A single driver, who has worked for the agency since 1994, has racked up a total of 16 accidents, 25 written warnings and 30 days of unpaid suspension in the course of his career. In fact, just last year, he caused a four-car pileup that resulted in serious injuries to one woman, who just settled with the county for $75,000 in compensation. He had another crash after that. One might think all this qualifies him for termination. However, Broward Transit, the second-largest bus system in the state, has some of the most lax standards when it comes to discipline of drivers, whose union deal allows up to four crashes in a two-year period before termination is considered. Accidents that happen more than two years ago “roll off” the driver’s record.
Further, this policy isn’t even followed as it is. Some drivers are kept on even after causing more than four crashes in 24 months. In some cases, even when drivers are let go, they are rehired – only to cause more problems down the road. The Sun-Sentinel’s has covered this issue for some time, starting back in 2013 with the feature, “Bad Bus Drivers Stay Behind Wheel Despite Many Accidents.” More recently, the paper highlighted the ongoing problem with, “16 accidents, 30 days of suspension, no problem.”
Reporters have detailed the fact that in the course of four years, bus drivers in the county were ticketed nearly 215 times for running red lights on the job. Most of those were doled out via red light cameras. In most cases, red light runners are given a verbal warning. In one example highlighted, a 57-year-old driver was caught by a red light camera running a light on University Drive in Coral Springs – his fourth safety violation in a year. However, because they didn’t result in accidents, he was given a written warning. Perhaps even more troubling: The state of Florida doesn’t classify red light camera infractions as “serious” violations for bus drivers.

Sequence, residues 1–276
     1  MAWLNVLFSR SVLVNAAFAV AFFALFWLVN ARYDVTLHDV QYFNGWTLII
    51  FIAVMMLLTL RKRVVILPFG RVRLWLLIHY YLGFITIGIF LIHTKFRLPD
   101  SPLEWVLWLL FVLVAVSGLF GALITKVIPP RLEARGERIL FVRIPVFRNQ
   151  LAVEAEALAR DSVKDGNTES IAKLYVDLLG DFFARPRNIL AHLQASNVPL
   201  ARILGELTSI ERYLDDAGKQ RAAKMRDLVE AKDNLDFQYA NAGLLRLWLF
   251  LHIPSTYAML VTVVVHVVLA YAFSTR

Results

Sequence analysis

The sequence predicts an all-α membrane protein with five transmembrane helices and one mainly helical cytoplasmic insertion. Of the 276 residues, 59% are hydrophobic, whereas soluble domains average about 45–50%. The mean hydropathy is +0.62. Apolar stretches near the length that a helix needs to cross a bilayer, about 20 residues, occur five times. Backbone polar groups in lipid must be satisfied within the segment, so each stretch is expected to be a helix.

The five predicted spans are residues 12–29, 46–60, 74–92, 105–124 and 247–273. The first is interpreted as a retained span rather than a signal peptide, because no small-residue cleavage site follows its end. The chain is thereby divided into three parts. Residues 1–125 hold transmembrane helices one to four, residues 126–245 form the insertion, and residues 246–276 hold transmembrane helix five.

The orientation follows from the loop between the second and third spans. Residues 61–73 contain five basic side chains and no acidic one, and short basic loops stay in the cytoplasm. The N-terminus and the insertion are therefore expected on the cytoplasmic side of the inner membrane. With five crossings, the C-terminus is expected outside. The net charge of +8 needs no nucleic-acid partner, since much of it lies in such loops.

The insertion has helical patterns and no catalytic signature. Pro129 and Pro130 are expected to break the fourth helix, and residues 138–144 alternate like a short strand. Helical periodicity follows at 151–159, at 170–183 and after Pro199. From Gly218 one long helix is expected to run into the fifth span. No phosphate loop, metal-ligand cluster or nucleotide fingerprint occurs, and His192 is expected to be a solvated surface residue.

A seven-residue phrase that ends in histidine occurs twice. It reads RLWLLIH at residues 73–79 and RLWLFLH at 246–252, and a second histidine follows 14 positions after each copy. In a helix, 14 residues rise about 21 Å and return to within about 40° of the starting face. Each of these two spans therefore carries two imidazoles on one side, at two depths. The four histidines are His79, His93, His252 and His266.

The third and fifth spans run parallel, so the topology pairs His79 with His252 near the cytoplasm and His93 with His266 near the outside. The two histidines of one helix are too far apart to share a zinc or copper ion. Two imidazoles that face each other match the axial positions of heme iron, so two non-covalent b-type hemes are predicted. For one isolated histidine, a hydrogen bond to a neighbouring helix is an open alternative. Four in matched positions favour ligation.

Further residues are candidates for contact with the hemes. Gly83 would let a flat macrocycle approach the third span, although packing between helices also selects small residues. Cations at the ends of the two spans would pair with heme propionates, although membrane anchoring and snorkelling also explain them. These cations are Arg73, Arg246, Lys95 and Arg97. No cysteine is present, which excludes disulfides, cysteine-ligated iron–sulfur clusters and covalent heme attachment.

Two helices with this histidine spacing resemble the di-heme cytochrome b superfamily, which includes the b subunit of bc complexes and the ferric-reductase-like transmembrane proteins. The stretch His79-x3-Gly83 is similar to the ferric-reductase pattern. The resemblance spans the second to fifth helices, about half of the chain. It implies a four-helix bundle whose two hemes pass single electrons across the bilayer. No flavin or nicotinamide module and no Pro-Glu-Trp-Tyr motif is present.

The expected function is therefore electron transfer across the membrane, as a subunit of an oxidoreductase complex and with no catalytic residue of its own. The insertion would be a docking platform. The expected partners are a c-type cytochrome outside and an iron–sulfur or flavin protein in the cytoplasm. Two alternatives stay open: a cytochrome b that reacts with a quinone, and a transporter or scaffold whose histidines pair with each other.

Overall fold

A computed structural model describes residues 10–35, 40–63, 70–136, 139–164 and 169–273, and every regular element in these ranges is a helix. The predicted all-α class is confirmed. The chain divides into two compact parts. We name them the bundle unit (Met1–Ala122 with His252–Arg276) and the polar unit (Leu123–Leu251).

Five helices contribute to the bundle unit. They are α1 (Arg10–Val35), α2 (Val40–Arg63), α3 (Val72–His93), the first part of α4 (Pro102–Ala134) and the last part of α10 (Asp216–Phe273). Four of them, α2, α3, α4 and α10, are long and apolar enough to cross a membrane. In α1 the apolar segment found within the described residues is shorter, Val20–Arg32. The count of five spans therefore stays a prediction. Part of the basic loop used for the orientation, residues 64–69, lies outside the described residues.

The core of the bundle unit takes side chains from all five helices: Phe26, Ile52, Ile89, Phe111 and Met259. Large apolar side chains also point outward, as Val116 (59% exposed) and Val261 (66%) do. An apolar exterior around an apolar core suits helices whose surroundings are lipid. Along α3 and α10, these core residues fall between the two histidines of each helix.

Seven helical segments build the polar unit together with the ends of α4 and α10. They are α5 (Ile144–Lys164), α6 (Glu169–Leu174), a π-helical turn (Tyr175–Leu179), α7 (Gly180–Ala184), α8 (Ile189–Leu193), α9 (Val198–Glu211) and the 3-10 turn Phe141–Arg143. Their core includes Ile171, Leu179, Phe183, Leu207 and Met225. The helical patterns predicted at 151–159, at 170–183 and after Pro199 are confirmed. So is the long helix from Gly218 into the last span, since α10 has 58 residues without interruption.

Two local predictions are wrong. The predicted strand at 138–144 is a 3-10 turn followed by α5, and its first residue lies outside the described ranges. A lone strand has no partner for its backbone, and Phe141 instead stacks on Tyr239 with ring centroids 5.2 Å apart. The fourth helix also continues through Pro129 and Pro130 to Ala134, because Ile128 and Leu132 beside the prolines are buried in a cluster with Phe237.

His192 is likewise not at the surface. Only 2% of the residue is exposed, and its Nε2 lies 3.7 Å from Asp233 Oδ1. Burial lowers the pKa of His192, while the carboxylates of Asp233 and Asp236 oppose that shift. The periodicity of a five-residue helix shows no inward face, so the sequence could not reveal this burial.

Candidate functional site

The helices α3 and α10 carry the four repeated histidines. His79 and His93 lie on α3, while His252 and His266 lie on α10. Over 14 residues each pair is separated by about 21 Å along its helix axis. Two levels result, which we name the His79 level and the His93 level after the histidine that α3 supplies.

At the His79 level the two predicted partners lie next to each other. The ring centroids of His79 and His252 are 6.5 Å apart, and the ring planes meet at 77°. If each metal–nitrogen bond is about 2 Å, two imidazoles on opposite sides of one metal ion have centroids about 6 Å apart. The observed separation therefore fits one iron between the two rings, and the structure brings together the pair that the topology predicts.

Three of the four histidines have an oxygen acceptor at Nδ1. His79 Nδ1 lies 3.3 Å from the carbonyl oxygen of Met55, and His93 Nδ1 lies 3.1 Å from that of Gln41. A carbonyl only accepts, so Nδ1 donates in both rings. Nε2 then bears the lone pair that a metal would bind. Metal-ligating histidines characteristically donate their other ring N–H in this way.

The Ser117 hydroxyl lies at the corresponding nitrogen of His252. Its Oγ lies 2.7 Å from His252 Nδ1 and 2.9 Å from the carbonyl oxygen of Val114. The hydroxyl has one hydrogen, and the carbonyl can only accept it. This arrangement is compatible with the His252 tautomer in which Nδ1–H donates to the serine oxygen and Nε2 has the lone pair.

As one county commissioner noted, anyone traveling through a red light is a concern. But a bus that is “like a tank, running a red light, that can put people’s lives in jeopardy.” Our bus injury lawyers concur.
Of the 629 drivers employed in Broward as of 2013, almost half had been on the road for five years without any preventable accidents. But there were 60 drivers who crashed repeatedly during that time frame. In fact, there is more than one crash daily in the county, totaling 3,556 bus accidents between 2008 and 2013. These crashes have resulted in taxpayers doling out more than $7.1 million to for bus-related personal injuries and property damage.
Still, crashes continue to be a serious problem, despite vows from the transit authority and commissioners to take action. In fairness, there has been some effort. The authority has increased driver training programs and there are ongoing talks with union leaders to allow commissioners to take harsher disciplinary action against drivers who continue to crash.
Reform of the accident review process is critical, commissioners say, if the county wants to make sure only safe drivers are behind the wheel.
If you have been a victim of a traffic accident, call Chalik & Chalik at (954) 476-1000 or 1 (800) 873-9040.
16 accidents, 30 days of suspension, no problem, Nov. 20, 2015, By Brittany Wallman, Sun-Sentinel
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